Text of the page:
From Retro Reports comes this 14-minute mini-documentary on how the heroin epidemic of the 1960s led to the development of the failed behemoth we now know as the war on drugs:
“In the late 1960s,” the video begins, “America’s inner cities were hit by a wave of violent crime and heroin addicts seeking money for drugs.”
The drug epidemic soon began fading away on its own accord as children and teens who had observed the effects of heroin firsthand kept their distance from the addictive drug.
But responding to rampant fears meant electoral success, so politicians ignored the epidemic’s decline and passed ever stricter laws against drug use.
“As the heroin epidemic was petering out [on its own], we brought in these laws [of harsh mandatory minimums, etc.],” explains Samuel K. Roberts, a historian at Columbia University. “There’s something very sad about that, in that we set in motion this whole system for a generation that perhaps was not necessary.”
One of the early advocates of such laws was Republican John Dunne, a member of the George H.W. Bush administration who ultimately recanted his initial support for severe drug war penalties after visiting federal prisons.
While visiting inmates, Dunne noticed that “those who engaged in nonviolent, drug-related crimes really constituted the vast proportion of those who were being sent to prison” thanks to the laws he’d supported. Dunne began working for change in the early 2000s—well before criminal justice reform was the mainstream cause it is today.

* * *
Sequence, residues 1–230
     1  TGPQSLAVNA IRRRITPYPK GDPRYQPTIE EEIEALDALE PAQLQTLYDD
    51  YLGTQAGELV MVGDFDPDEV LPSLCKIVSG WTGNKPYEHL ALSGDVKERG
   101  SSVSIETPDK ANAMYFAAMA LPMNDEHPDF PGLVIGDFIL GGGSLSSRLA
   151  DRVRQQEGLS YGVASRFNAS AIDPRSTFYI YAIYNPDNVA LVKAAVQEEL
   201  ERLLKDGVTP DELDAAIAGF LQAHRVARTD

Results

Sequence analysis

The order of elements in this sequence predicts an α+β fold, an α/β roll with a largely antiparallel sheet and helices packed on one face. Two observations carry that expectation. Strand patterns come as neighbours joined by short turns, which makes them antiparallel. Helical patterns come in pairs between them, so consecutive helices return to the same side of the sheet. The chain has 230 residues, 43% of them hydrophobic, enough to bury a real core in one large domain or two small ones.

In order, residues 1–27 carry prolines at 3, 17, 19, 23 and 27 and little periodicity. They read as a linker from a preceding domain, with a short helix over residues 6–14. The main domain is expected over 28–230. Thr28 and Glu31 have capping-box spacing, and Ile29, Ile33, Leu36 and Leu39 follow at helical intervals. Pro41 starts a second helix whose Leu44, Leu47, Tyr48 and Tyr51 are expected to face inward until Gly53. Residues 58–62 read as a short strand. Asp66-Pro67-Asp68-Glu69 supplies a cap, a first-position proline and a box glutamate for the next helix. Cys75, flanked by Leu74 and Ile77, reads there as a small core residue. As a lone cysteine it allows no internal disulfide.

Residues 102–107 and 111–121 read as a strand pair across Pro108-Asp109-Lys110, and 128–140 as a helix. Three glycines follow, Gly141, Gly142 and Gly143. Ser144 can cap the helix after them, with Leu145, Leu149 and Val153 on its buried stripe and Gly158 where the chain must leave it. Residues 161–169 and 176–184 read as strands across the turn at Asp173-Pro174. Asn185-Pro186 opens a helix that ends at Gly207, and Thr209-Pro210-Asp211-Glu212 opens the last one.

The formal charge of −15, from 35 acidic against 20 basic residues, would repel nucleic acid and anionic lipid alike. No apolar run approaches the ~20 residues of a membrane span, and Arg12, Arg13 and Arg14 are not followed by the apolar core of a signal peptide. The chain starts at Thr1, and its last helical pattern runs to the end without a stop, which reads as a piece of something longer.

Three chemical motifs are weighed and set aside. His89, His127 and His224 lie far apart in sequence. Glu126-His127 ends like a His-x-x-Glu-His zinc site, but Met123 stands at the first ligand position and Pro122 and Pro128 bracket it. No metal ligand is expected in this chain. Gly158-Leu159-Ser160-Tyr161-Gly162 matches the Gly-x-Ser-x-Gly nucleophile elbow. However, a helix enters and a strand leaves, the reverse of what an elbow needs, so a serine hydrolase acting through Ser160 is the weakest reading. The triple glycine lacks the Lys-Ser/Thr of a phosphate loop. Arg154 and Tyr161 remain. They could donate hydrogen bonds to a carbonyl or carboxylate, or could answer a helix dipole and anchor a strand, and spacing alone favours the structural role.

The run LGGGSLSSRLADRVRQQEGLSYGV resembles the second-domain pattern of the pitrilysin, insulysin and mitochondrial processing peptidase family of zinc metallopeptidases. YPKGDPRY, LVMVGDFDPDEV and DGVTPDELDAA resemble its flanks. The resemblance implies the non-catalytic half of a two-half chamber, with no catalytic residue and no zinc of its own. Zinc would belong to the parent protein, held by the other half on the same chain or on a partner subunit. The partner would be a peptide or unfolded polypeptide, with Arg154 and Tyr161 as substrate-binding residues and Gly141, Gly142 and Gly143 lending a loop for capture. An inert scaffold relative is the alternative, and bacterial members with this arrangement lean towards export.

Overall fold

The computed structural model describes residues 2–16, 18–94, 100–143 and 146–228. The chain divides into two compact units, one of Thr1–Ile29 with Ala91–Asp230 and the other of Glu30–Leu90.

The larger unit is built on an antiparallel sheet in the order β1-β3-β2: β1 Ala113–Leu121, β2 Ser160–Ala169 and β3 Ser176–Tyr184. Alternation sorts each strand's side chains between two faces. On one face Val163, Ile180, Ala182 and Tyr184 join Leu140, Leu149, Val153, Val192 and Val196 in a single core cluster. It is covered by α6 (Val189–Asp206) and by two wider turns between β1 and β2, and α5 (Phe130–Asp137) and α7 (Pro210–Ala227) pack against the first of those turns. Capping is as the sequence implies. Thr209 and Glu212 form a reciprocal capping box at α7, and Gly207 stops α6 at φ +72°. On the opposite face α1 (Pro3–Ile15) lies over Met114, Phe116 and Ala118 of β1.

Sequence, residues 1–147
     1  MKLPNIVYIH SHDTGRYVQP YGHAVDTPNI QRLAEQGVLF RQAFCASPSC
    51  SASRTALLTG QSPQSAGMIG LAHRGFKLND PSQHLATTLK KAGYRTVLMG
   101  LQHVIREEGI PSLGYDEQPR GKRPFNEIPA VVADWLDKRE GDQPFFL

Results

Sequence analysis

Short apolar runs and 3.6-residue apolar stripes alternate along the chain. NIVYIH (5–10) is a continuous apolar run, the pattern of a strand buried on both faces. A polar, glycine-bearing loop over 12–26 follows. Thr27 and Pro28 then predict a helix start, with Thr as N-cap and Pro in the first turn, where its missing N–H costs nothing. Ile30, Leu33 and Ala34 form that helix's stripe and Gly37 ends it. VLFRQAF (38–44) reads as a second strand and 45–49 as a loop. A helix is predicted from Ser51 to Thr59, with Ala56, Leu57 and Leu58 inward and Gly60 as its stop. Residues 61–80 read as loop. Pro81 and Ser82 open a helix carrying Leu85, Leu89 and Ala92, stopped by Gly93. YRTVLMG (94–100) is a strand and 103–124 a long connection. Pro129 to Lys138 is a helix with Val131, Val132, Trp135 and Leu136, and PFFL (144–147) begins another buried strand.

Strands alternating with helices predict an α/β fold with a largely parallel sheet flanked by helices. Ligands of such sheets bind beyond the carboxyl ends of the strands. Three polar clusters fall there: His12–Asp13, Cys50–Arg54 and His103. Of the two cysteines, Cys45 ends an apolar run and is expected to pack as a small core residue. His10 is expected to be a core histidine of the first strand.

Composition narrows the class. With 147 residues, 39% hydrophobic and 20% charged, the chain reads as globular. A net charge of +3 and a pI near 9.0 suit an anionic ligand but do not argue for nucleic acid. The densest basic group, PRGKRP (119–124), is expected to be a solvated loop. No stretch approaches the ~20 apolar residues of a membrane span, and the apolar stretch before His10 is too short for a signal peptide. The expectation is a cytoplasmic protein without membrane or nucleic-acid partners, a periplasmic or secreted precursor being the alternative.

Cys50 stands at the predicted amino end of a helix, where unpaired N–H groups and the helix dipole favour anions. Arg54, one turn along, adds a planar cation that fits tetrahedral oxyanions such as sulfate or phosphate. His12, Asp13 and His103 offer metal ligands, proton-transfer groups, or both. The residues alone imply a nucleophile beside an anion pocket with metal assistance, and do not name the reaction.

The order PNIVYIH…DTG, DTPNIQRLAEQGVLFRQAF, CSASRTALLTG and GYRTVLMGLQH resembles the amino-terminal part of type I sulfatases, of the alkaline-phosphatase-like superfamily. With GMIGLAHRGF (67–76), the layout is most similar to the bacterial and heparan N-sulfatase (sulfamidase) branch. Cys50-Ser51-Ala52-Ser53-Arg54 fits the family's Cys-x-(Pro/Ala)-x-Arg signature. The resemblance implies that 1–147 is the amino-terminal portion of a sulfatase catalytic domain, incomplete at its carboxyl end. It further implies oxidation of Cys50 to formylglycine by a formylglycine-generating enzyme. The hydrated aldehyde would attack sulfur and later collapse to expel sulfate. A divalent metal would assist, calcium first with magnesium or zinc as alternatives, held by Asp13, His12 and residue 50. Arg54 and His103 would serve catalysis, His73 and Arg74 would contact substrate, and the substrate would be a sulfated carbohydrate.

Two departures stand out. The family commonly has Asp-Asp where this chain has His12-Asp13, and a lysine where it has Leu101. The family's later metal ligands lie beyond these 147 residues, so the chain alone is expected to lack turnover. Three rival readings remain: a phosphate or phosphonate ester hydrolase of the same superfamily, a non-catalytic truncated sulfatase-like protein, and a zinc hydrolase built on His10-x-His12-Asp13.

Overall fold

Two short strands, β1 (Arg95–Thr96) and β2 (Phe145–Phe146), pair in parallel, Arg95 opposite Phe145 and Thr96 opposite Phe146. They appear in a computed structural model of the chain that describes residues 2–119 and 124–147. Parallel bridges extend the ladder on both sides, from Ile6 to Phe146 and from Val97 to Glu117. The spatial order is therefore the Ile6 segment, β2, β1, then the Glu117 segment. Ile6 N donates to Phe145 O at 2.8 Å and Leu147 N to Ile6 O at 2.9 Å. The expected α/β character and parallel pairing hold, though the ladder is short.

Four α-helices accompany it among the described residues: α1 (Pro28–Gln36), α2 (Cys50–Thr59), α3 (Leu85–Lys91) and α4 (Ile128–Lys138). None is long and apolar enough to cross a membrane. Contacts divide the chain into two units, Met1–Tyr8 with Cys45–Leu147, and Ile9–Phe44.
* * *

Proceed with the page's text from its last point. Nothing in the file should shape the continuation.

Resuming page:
Dunne added, “The rate and relative percentages of [drug war] incarceration among minority communities has had a devastating effect” that is far disproportionate to the harm caused by drug use itself.
Today, he’s finally seeing public consensus catch up with his efforts to repeal the drug laws he once supported, even as one in three new prisoners in America is jailed on drug charges.
Dunne says that punitive measures aren’t the answer, but he also adds that drug use is no longer seen as a distant, inner city problem. The long-term failure of the drug war is so extensive that the current spate of increased heroin use is affecting white, middle-class Americans who are realizing firsthand that long jail sentences won’t fix the problem.
Unfortunately, for many, reform is too little, too late. “The lives that could have been saved, the families that could have remained intact—the war on drugs was pretty devastating to the United States,” comments former Baltimore mayor Kurt Schmoke. “Hopefully we’ve seen the error of our ways.”